England doubled-down on their supremacy over the West Indies at home with another big win in Derby, thanks to a half-century from Amy Jones. England haven’t lost to the Windies at home now since they got Dottined at Arundel in 2012, and that winning streak looks unlikely to be broken this year unless Dottin can pull an ace out of the pack again on Wednesday.
Whilst Dottin has been ploughing a lonely furrow for the West Indies with the bat, scoring 42% of their runs thus far, England have shared things around. Tammy Beaumont, Nat Sciver, and now Amy Jones have all made one significant score, whilst Heather Knight has been the most consistent. It is Knight who leads England’s run-scorers (just!) with 19%, but Beaumont and Jones are only a whisker behind on 18%, whilst Sciver has 17%.
The only batters not to have made a significant contribution are Danni Wyatt (7%) and Fran Wilson (4%) and it was Wilson who missed out on selection yesterday to make room for Sophia Dunkley, pulling on an England shirt for the first time in 18 months.
Batting in the late middle-order is one of the toughest roles mentally for a young player in Twenty20 cricket – you either come in with your side in horrible trouble, or with only a handful of balls remaining; so yesterday’s opportunity for Dunkley – coming in at 6, with 6 overs left and with England having already established a good platform of 111 runs – was probably as good as it gets. But is there a sport crueller than this? You get one chance as a batter, and if you thump your first (legal) delivery straight back to the bowler… that’s it – Game Over! Dunks will get another go on Wednesday you’d imagine, so hopefully she can make that count and England will take her to New Zealand in February, which is looking like the next cricket they’ll play.
It is tough for Dunkley, but it has been even tougher for Freya Davies, Katie George and Kate Cross, none of whom have played at all. Will this change on Wednesday? Davies might get a game… maybe… because she has a clear role going forwards as Katherine Brunt’s replacement; but as for the other two, it seems unlikely. They’d be sentimental selections, and Heather Knight is just not a sentimental person on the cricket field – she wants to win – that’s her job, and England’s… and to be fair, they’re doing it.
Have watched a little of the games. Both teams are rusty but England starting to get some rhythm.
Sent from my iPhone Christine P Brierley OAM MA(Comm) JP(Qual)
I don’t know Lisa Keightley personally, but has she brought the Australian ‘win and win big at all costs’ mentality? A single change to the line-up was fewer than expected, and even with the game all but dead the final two overs were given to Ecclestone and Brunt, instead of perhaps giving Villiers another go and having a look at Dunkley as a bowler. There may be another opportunity to make a few more changes on Wednesday, or the weather might intervene and mean this series has already ended.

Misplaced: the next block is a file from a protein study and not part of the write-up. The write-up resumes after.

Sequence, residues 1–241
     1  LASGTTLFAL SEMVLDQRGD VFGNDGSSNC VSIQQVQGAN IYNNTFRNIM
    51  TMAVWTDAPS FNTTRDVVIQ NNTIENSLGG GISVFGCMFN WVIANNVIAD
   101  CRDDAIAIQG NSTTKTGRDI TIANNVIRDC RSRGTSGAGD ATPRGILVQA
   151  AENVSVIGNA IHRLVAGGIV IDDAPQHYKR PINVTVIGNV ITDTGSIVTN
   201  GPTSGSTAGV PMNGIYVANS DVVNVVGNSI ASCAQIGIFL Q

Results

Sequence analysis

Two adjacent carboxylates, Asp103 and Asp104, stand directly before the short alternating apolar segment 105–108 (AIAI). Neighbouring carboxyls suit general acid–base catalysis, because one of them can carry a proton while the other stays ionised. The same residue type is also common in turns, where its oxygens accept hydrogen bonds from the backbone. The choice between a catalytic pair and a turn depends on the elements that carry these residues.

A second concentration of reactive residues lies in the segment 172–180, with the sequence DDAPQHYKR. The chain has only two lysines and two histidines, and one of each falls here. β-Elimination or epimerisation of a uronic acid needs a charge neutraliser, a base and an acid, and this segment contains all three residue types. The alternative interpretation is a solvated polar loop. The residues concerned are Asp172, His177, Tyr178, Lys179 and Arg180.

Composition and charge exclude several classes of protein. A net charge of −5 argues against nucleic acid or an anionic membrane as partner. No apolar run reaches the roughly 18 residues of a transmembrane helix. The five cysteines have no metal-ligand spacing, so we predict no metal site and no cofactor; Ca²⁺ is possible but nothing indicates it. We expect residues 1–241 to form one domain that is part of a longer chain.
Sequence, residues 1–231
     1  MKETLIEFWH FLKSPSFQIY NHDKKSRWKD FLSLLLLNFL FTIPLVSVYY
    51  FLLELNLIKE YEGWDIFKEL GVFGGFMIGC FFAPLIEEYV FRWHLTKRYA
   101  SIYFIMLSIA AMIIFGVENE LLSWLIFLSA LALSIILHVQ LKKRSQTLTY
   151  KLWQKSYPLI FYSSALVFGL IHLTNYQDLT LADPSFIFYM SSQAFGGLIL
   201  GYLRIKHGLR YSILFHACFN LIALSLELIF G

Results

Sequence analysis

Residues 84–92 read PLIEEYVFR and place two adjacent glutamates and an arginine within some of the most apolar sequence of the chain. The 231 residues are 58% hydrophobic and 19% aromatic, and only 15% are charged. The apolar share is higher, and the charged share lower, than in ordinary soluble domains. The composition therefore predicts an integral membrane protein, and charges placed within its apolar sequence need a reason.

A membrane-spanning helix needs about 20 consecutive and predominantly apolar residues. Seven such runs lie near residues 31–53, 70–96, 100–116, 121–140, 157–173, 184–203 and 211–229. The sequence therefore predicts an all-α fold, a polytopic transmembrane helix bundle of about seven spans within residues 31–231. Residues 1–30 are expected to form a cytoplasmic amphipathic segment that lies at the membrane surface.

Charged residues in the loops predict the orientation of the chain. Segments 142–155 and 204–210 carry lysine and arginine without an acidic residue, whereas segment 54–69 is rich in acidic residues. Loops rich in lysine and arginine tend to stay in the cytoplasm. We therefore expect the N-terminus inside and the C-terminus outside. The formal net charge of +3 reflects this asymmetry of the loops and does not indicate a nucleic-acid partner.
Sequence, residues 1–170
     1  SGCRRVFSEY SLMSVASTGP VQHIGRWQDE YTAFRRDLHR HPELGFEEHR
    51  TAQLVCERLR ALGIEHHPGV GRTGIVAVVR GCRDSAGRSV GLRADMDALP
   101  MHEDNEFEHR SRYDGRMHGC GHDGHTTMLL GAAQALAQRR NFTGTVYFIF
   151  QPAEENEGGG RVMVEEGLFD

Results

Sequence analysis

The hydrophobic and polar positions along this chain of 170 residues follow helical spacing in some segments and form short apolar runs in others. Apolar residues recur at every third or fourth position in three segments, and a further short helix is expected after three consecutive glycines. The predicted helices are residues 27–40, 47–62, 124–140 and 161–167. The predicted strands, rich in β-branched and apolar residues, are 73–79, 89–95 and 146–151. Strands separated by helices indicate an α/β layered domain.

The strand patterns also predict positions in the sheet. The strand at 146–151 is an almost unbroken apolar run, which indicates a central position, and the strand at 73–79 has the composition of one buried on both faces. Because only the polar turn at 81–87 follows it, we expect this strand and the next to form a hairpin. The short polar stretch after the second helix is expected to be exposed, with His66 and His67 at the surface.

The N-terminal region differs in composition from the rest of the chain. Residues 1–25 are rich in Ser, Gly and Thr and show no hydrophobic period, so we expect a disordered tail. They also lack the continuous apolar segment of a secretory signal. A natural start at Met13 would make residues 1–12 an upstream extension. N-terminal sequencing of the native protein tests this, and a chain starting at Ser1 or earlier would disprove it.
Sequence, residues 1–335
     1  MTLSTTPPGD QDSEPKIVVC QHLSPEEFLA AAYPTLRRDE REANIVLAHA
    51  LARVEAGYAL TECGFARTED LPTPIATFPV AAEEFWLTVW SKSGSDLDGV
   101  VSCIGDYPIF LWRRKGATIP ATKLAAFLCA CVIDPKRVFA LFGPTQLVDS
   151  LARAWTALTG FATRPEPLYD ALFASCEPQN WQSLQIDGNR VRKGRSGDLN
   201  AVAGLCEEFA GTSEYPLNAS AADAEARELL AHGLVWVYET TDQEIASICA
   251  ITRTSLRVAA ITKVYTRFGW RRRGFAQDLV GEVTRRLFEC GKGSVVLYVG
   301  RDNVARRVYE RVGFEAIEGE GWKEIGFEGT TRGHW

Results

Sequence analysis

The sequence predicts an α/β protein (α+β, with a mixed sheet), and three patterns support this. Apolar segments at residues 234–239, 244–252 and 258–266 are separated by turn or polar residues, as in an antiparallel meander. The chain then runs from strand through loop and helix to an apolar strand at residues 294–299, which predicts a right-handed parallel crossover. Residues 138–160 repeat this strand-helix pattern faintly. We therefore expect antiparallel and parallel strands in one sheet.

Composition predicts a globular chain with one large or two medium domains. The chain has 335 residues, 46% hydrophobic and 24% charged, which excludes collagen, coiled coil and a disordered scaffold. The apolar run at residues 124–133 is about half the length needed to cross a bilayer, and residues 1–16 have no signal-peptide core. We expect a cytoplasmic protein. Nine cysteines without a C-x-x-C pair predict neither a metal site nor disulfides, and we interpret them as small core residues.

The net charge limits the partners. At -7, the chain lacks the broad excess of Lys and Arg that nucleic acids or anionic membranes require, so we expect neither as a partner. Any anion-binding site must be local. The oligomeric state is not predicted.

It’s a strange old game. There were points in England’s innings when I was thinking “we’ve already lost this” but I hadn’t bet on Windies pressing the self-destruct button. Likewise, in the first few overs of the West Indies reply I was thinking they were getting runs a little too quickly for my liking, but then the wheels suddenly fell off again.
It was Knight who sparked the first turnaround. Playing four unbelievable classy shots in a row, she scored 16 runs in 4 balls. Then Jones started to smoke the ball from the other end with 11 in 3 balls, and the score catapulted from 61/3 after 11 overs to 110/4 after 14. Suddenly the 160 plus score was on again.
When batting, West Indies were not far off DLS par score up to about the 8th or 9th over. But then Glenn resumed her brilliance and dismissed Taylor; then Matthews in her next over, and it was all but over after that point. This was an interesting innings for fans of statistical anomalies – a rare example of no “caught” dismissals. It showed that England bowled fairly straight and ground-fielded well – there were 4 bowled, 2 lbw and 3 run-out. It also showed that England’s catching wasn’t great either. But England like you say Syd have been very professional and solid throughout the series.
Do West Indies have good game-plans or not? It sure looks like it at times. England really struggled early with the wide bowling of Alleyne and co., and it also picked up 2 wickets. West indies have done a better job at attacking Brunt, Shrubsole and Ecclestone early these last 2 games. But I find it hard to believe that the same mind that planned those tactics would also put no cover on the off-side outside the circle, or fail to put pressure on new players at the crease, or just generally allow these “wheels falling off” moments to keep occurring.
I still believe that West Indies best chance of a win is for rain to force a shortened game, and the part actually played is the part they perform well in. Wednesday might be their best chance, or instead we may be stuck at 4-0, because the forecast does not look good.